Figure 5.17. After compensating transients.
MultiClamp 700B Theory and Operation, Copyright 2005 Axon Instruments / Molecular Devices
Reference Section • 127
Figure 5.18. After setting Prediction = 90%, Correction = 0%.
Figure 5.19. After setting Prediction = 90%, Correction = 90%.
Figure 5.20. After optimizing Cf, Rs and Cm to minimize transients.
Chapter 5
128 • Reference Section
Check the Rs Compensation checkbox. If the Prediction and Correction controls
are locked together ( ), press the Lock button to unlock them ( ). Set Rs
Compensation Bandwidth to 15 kHz.
Bandwidth vs. Lag
The MultiClamp 700B Rs Compensation Bandwidth control replaces the “Lag”
control on the Axopatch-1D and 200 series amplifiers. The relationship of
Bandwidth (BW) to Lag is defined as:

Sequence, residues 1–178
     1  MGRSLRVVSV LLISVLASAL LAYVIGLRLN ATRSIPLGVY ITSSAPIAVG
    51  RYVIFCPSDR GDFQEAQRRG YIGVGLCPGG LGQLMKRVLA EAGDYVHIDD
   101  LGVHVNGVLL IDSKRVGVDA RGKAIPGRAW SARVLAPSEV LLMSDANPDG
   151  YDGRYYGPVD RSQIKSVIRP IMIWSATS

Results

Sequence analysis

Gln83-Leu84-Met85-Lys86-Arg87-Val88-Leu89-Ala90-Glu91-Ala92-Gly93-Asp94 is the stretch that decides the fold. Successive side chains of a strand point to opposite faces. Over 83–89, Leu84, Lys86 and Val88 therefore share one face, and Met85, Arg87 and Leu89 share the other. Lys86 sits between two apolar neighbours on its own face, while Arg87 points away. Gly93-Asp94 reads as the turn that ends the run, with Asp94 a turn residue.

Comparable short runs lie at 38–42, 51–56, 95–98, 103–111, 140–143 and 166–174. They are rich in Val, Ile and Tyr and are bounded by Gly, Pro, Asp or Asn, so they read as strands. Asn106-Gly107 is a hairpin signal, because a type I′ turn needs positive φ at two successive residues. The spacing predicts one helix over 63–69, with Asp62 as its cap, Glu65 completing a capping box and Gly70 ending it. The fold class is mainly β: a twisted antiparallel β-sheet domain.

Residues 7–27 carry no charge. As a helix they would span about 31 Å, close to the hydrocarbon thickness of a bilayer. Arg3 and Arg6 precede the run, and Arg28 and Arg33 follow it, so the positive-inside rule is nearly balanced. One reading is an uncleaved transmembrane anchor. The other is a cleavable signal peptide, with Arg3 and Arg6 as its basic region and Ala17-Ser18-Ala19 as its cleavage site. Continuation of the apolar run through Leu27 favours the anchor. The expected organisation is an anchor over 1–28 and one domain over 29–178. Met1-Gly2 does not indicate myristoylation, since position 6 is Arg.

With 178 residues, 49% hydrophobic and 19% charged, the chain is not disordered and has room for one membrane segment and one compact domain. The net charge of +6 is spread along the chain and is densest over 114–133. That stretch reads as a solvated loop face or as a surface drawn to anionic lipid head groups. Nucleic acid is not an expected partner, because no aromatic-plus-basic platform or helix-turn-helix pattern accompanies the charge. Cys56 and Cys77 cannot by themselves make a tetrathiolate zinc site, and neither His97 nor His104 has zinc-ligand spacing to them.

BW = 1 / (2 * π * Lag)
The default MultiClamp Rs Correction Bandwidth value is 1 kHz, which
equates to a Lag value of 160 µs. (2 kHz BW = 80 µs Lag, 10 kHz BW = 16 µs
Lag, etc.)
Increase Prediction to 90% (Figure 5.18). Note that Prediction is an open loop
process, i.e. it does not involve feedback, and instability is only possible if the
internal circuitry that develops the prediction signals is pushed too far. Generally,
the circuit is stable up to values of about 98%, but it can become non-linear,
depending on the magnitude of Vcmd. This may only become noticeable after
increasing the Primary Output Filter to 50 kHz bandwidth. Reduce Prediction
slightly if severe oscillations are observed.
Carefully increase the Correction value to equal that under Prediction. A rather large
transient should appear in the current at the beginning and end of the command step.
Its peak-to-peak amplitude should be 2-4 nA and it should undergo several distinct
“rings” requiring 1 ms to disappear into the noise (Figure 5.19). To eliminate this
transient, begin by reducing by a few percent the value of Rs (MΩ) displayed under
Whole Cell. As you reduce this setting, the amplitude of the transient first decreases